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Private eyes tell lawmakers their business needs to be regulated

January 29, 2003
By: India R. Williams
State Capital Bureau

JEFFERSON CITY - Private investigators are asking Missouri lawmakers to license their profession.

"The time has come for Missouri to step into the 21st century and bring an unregulated profession into accountability," said Dwight McNiel, president of the Missouri Association of Private Investigators, at a recent hearing of a Senate committee considering the issue.

Missouri is currently one of eight states that does not license or regulate private investigators. Certain cities within Missouri, including Columbia, require investigators to obtain a license.

Some investigators argue that the absence of such regulation allows any person to conduct an investigation, whether properly trained or not.

"Do all practicing investigators in the state of Missouri know the difference between a legal surveillance and an illegal surveillance?," asked Chris Rey of Aabott Rey Detective Agency at a hearing of the Senate Governmental Committee. "I guarantee you the answer is no."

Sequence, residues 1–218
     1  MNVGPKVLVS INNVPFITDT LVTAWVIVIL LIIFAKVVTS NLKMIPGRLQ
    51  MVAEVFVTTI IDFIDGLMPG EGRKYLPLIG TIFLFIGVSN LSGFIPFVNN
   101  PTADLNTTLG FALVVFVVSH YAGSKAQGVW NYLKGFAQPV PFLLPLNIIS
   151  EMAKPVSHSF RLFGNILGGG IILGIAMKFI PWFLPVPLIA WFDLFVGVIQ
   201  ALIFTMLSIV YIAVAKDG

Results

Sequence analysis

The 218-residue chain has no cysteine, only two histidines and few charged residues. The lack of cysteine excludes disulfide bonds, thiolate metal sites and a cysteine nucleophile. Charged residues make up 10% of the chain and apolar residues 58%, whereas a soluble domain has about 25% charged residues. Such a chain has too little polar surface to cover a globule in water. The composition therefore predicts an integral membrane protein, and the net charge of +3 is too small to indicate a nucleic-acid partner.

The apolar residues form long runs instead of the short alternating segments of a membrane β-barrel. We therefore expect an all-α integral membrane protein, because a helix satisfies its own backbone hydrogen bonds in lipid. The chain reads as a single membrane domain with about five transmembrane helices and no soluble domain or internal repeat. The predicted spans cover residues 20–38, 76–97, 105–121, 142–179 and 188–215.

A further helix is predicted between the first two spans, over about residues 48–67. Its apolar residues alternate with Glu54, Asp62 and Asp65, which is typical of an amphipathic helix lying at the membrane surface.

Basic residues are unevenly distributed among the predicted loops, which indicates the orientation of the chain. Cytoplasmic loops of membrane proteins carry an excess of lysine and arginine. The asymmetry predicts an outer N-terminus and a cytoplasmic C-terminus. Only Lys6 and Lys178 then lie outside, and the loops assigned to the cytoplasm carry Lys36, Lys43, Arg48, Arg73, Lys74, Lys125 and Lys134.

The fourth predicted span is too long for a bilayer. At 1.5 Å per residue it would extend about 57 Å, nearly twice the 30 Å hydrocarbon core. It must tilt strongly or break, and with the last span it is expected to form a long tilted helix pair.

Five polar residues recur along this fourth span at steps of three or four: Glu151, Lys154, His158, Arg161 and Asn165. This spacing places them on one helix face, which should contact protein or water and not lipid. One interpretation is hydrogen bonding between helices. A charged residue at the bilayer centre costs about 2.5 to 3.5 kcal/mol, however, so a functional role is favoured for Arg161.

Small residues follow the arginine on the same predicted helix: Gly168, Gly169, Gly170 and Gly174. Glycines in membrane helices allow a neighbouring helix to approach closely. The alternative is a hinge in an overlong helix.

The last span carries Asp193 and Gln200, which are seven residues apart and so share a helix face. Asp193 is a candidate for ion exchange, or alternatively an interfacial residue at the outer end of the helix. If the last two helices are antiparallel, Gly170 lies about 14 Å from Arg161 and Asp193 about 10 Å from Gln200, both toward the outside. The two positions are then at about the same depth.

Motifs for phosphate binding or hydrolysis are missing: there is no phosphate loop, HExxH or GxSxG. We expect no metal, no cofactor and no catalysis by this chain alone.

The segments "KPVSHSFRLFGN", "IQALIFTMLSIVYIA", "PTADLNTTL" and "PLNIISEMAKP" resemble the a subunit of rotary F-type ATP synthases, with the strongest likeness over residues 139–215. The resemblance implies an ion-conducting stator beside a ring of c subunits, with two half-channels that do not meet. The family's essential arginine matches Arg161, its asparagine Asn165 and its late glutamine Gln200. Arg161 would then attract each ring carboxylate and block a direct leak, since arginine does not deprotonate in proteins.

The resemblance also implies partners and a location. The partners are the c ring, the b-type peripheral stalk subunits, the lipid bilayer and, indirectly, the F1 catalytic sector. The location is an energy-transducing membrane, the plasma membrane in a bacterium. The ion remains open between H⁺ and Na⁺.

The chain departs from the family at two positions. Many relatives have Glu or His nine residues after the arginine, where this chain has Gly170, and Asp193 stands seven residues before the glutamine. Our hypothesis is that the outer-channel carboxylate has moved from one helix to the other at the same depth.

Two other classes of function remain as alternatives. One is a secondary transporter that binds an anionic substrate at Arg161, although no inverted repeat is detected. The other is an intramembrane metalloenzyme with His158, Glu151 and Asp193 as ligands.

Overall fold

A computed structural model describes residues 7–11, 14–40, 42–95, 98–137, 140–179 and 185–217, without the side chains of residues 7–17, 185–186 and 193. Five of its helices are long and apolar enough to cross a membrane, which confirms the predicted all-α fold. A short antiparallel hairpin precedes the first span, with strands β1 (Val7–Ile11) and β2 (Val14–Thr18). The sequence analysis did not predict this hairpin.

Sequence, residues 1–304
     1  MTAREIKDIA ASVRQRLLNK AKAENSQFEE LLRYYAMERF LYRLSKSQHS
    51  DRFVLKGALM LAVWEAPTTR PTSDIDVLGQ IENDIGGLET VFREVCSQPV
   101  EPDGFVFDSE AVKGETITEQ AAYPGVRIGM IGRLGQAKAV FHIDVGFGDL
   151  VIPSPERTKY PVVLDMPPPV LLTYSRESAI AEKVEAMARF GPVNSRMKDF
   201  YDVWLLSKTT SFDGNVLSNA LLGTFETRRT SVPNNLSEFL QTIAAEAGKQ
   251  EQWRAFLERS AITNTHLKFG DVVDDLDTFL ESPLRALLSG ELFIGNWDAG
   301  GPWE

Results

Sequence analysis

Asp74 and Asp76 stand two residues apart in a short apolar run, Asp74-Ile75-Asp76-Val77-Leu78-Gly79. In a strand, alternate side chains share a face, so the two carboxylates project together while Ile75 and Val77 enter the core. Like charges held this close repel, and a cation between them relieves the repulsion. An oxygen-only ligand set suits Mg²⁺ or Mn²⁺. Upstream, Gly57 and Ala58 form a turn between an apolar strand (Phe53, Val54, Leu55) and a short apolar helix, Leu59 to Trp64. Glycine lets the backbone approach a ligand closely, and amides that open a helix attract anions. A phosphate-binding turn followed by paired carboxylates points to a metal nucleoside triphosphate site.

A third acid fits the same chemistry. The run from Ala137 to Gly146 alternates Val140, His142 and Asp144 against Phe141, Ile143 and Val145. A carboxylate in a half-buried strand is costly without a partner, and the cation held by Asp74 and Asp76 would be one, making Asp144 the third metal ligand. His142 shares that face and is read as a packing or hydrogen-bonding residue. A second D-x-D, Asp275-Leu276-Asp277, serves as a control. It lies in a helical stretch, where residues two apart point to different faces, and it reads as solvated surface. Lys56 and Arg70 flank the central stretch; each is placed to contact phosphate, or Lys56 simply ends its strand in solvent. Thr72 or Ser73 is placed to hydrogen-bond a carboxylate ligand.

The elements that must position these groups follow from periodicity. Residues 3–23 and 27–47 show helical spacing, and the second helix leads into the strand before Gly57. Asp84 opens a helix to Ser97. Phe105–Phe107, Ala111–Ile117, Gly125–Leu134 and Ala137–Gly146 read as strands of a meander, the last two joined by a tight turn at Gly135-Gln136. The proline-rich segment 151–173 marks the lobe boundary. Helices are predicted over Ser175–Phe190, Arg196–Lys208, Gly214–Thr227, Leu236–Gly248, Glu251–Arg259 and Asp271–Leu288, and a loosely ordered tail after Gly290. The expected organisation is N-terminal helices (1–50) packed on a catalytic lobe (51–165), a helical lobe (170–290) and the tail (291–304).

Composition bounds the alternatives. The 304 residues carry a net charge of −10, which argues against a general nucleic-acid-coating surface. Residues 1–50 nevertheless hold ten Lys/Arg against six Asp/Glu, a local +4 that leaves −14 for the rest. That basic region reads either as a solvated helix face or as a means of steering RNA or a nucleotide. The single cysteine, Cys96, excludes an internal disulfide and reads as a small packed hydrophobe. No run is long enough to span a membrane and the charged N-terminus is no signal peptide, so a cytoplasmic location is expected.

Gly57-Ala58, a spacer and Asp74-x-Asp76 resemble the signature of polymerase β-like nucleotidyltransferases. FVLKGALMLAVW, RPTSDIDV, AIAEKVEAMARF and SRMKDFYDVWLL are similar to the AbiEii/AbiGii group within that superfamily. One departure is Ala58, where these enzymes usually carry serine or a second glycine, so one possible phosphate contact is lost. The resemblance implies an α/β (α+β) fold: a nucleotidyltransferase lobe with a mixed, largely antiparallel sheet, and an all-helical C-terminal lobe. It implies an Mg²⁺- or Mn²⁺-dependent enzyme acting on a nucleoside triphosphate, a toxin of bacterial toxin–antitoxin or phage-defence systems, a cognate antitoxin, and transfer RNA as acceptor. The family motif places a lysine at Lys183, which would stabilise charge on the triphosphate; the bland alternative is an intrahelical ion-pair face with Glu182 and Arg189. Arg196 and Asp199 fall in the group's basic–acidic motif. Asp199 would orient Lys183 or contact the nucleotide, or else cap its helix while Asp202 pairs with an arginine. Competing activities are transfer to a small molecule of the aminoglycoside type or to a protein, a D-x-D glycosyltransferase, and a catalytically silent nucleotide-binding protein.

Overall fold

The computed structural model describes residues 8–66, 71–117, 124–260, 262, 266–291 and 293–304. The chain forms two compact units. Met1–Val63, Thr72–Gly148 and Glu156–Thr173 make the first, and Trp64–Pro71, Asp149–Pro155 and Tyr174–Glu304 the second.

Tim Chancellor, owner and operator of Professional Investigative Services in Columbia told the committee that he is concerned about the "lack of competency...and consumer protection" since there is no current state regulation.

Chancellor said passage of the bill would "bring a degree of professionalism" into the investigative field.

Chancellor stated that people make "life-changing decisions" with the information provided to them by private investigators. Regulation would help ensure that investigators are trained to provide accurate information and held accountable to this information.

Licensed investigators would have their license "revoked, suspended or pulled altogether" if found guilty of consumer fraud, Chancellor added.

There was no testimony against the bill before the committee, which did not take any action on the proposal.

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